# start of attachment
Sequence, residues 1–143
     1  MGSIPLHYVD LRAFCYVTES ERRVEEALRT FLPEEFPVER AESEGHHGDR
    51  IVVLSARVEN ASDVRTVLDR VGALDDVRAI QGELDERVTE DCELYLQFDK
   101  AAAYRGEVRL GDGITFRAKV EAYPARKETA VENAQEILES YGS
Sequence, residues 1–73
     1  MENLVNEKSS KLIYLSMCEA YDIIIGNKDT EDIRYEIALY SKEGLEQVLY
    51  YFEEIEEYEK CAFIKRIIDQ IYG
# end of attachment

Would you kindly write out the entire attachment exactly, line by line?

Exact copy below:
Sequence, residues 1–143
     1  MGSIPLHYVD LRAFCYVTES ERRVEEALRT FLPEEFPVER AESEGHHGDR
    51  IVVLSARVEN ASDVRTVLDR VGALDDVRAI QGELDERVTE DCELYLQFDK
   101  AAAYRGEVRL GDGITFRAKV EAYPARKETA VENAQEILES YGS
Sequence, residues 1–73
     1  MENLVNEKSS KLIYLSMCEA YDIIIGNKDT EDIRYEIALY SKEGLEQVLY
    51  YFEEIEEYEK CAFIKRIIDQ IYG